When will Alexa, Google Assistant, and other ‘chatbots’ finally talk to us like real people?

When will Alexa, Google Assistant, and other ‘chatbots’ finally talk to us like real people?

When will Alexa, Google Assistant, and other ‘chatbots’ finally talk to us like real people? By Matthew HutsonJun. 20, 2017 , 12:45 PM
Nearly every tech company worth its silicon now has a virtual assistant: Apple’s Siri, Amazon’s Alexa, Microsoft’s Cortana, and Google Assistant, among others. What do these digital helpers—known as chatbots—have in store for us? Science talked with Alexander Rudnicky, a computer scientist at Carnegie Mellon University in Pittsburgh, Pennsylvania, who studies human-machine conversations, about what chatbots can and can’t do, how they learn from us, and whether we can prevent them from adopting our worst behaviors. This interview has been edited for brevity and clarity.
Q: Let’s start with a pretty basic question. What is a chatbot?
A: Originally, they were dialogue systems that could have some sort of purposeful interaction with a human through text or speech. In the research community, the term “chat” has come to refer to non–goal-directed interacti..

Europe backs missions to search for Earth-like planets, deep space cataclysms

Europe backs missions to search for Earth-like planets, deep space cataclysms

Europe backs missions to search for Earth-like planets, deep space cataclysms By Daniel CleryJun. 20, 2017 , 5:15 PM
The European Space Agency (ESA) today gave the green light to two missions: one to find places just like home; the other to detect the biggest cataclysms in the history of the universe.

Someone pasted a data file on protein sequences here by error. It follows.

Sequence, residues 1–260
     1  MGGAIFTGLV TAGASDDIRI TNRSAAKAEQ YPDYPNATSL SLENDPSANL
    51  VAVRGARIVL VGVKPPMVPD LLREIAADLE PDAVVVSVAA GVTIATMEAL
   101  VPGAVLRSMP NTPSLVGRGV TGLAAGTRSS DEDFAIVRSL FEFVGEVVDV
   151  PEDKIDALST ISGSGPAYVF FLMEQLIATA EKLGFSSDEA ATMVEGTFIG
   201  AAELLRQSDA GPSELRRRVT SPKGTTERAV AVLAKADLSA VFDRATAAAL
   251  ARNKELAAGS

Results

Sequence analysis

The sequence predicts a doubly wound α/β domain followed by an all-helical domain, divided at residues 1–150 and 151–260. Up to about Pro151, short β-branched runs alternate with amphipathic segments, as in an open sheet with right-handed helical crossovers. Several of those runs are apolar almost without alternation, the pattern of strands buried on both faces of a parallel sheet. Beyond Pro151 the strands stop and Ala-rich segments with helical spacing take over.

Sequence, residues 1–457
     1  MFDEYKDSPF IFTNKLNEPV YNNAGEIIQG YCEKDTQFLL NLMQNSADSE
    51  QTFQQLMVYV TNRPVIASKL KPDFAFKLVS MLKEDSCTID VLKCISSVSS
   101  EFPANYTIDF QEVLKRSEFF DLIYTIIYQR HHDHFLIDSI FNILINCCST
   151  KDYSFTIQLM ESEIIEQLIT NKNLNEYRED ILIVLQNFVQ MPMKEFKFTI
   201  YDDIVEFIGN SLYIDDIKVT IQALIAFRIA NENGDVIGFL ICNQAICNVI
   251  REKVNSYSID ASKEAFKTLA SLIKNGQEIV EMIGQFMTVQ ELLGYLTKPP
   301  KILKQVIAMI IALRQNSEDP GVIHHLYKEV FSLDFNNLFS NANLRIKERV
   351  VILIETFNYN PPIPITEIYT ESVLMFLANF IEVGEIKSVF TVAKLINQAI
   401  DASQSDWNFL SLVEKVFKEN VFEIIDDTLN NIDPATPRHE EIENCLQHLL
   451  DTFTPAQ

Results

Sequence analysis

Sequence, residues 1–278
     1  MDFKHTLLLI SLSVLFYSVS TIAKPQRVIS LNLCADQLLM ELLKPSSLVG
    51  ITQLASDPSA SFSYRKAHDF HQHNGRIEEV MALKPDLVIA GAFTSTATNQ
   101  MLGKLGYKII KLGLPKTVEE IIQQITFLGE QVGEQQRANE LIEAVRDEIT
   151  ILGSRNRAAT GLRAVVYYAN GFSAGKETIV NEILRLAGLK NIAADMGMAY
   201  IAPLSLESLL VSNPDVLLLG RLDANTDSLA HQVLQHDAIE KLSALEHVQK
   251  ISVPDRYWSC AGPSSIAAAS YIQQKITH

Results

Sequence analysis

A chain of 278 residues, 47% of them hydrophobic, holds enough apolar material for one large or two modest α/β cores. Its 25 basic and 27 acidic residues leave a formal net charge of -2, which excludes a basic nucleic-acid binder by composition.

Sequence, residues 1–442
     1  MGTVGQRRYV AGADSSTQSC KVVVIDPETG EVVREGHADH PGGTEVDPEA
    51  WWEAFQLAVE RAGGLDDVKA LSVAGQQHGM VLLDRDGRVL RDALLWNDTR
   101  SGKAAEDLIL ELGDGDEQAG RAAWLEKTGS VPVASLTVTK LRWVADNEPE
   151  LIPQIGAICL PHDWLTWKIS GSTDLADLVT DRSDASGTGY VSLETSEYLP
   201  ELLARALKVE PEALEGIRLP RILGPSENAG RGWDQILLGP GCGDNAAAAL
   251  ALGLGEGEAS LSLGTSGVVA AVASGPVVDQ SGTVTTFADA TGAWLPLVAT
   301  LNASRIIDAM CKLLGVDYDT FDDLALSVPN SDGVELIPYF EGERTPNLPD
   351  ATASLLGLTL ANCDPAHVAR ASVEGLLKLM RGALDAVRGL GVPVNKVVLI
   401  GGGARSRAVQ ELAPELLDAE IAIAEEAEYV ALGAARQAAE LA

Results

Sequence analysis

ESA’s Science Program Committee approved advancing Planetary Transits and Oscillations of stars (PLATO) to construction. In 2026, it will begin scouring the skies for alternative Earths, terrestrial planets at a distance from sunlike stars that are comfortable for life.
At the same time, the committee placed the Laser Interferometer Space Antenna (LISA) onto ESA’s roster of missions, and planners can now begin its detailed design. In 2034, LISA is scheduled to begin detecting gravitational waves in space; ripples that originate in the universe-shaking explosions produced when galaxies collide and the supermassive black holes at their cores spiral together and merge.
“We feel good,” sa..

Computer chip mimics human brain, with light beams for neurons

Computer chip mimics human brain, with light beams for neurons

Computer chip mimics human brain, with light beams for neurons By Matthew HutsonJun. 20, 2017 , 4:00 PM
Artificial neural networks, computer algorithms that take inspiration from the human brain, have demonstrated fancy feats such as detecting lies, recognizing faces, and predicting heart attacks. But most computers can’t run them efficiently. Now, a team of engineers has designed a computer chip that uses beams of light to mimic neurons. Such “optical neural networks” could make any application of so-called deep learning—from virtual assistants to language translators—many times faster and more efficient.
“It works brilliantly,” says Daniel Brunner, a physicist at the FEMTO-ST Institute in Besançon, France, who was not involved in the work. “But I think the really interesting things are yet to come.”
Most computers work by using a series of transistors, gates that allow electricity to pass or not pass. But decades ago, physicists realized that light might make certain processes mor..

EPA axes 38 more science advisers, cancels panel meetings

EPA axes 38 more science advisers, cancels panel meetings